A citizen-initiated petition to reconsider a town vote last month to build and fund a new public works facility failed to get the 283 valid signatures needed, according to officials. A total of 279 was required.

At their Monday meeting, selectmen voted 3-2 against the petitioners’ request for another town meeting on the issue. Keep reading

Tensions flare at NG meeting

By Matt Junker

NEW GLOUCESTER — The New Gloucester public works garage saga took a turn for the vulgar at Monday night’s Selectboard meeting, when several audience members used colorful language not usually on display at public meetings.

One audience member told another to “shut your [expletive] mouth,” while a third resident said certain accusations amounted to “bull[expletive].”

Tensions escalated to the point that Cumberland County Sheriff’s Office was called. An official from the Sherriff’s Office said that someone at the meeting apparently texted their husband to say things had become heated, and the husband then called the sheriffs.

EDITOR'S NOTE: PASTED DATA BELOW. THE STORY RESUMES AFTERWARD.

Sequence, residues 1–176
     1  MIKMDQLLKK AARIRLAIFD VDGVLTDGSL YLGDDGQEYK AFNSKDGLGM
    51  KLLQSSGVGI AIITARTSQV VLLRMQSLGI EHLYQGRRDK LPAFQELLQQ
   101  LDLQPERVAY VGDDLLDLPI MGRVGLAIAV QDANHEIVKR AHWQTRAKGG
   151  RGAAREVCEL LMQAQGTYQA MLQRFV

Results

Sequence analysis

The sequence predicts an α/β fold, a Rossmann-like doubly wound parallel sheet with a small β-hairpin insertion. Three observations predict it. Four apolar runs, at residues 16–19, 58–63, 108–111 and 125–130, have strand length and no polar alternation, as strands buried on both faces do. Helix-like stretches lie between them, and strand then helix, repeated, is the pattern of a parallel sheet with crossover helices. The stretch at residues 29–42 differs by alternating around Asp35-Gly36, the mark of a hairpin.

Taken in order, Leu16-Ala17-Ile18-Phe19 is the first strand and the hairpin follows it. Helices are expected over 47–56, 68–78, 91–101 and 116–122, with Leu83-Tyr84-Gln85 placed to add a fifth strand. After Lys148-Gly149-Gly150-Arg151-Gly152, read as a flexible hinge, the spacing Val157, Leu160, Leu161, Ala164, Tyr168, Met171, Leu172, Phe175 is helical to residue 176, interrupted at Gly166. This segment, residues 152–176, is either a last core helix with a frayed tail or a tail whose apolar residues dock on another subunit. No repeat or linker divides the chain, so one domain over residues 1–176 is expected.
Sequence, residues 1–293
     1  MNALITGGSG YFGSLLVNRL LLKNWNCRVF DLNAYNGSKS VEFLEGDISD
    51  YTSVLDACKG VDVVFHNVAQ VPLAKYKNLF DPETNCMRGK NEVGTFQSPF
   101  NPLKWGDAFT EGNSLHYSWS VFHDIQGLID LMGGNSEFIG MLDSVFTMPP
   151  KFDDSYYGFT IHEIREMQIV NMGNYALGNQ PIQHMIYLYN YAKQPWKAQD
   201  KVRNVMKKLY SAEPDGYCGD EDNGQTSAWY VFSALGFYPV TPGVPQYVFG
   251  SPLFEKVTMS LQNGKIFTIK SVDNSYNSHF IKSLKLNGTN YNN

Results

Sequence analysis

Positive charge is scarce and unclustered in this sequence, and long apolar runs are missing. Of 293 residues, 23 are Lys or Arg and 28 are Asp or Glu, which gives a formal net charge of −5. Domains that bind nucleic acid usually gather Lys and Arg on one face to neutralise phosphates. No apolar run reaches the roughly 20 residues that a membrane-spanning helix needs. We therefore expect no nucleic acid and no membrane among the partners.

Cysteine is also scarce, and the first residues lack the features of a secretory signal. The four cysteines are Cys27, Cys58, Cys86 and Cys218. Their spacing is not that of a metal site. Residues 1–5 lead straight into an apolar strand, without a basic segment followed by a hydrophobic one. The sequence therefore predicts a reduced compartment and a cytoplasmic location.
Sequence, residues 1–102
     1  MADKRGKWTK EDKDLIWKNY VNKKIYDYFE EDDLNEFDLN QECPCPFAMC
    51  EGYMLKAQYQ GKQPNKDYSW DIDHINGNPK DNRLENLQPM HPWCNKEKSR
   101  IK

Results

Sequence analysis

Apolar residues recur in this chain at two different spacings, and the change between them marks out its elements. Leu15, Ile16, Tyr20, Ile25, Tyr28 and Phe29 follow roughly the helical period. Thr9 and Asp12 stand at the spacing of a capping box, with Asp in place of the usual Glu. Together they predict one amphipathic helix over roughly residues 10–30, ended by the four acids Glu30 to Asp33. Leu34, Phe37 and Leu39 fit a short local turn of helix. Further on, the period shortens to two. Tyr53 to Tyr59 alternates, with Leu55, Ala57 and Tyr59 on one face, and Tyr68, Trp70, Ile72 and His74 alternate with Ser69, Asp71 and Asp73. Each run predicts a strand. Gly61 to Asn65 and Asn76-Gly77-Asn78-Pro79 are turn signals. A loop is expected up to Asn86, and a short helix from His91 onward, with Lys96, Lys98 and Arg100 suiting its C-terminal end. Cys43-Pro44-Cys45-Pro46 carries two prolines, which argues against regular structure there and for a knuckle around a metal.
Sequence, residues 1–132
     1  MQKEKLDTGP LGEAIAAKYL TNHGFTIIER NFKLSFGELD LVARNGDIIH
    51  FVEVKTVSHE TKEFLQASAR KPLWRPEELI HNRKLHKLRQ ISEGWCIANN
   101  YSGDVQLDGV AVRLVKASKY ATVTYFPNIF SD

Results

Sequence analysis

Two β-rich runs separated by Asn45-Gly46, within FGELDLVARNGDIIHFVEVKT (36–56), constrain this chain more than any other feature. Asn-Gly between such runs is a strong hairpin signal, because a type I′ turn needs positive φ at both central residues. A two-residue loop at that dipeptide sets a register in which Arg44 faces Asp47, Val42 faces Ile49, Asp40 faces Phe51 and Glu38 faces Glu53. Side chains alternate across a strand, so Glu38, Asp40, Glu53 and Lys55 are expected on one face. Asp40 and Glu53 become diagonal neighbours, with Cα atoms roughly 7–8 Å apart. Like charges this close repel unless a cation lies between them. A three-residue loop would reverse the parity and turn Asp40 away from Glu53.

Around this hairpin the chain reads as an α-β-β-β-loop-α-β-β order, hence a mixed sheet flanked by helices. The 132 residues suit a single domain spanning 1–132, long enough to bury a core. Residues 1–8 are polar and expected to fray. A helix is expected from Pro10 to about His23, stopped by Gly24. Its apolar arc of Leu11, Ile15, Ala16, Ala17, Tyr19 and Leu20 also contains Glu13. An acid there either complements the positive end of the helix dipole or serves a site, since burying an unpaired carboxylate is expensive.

Though a deputy came and stood in the meeting for a few minutes, things had already calmed down and the deputy left.

Both of the residents who used the less-than-cordial language apologized.

Accusations of a possible conflict of interest and misuse of town resources relating to the “vote yes” signs purchased before last week’s special town meeting made for a tense Oct. 23 selectboard meeting – and those tensions bubbled over in the audience.

Pat O’Brien introduced a petition to reconsider the results of the special town meeting, where voters approved the public works garage proposal 168-138.  The push to reconsider stems in part from allegations that came up at the town meeting that Ganneston Construction, the company slated to build the new garage, paid for signs encouraging people to vote yes, and that town public works staff later put some of those sign up.

Later, while another resident was at the microphone asking about the sign issue, O’Brien made a comment from his seat.

Dennis McCann, who was sitting behind O’Brien, told him, “You had your time to speak, sir.”

O’Brien then told McCann to “shut your [expletive] mouth.”

O’Brien said Wednesday that he felt McCann was threatening in both his language and demeanor and that McCann had made a number of comments to him on Monday night.

“I will defend myself,” O’Brien said. “This man was threatening to me.”

His comment to McCann elicited an immediate and fiery reaction from others in attendance, including calls to have O’Brien kicked out of the meeting.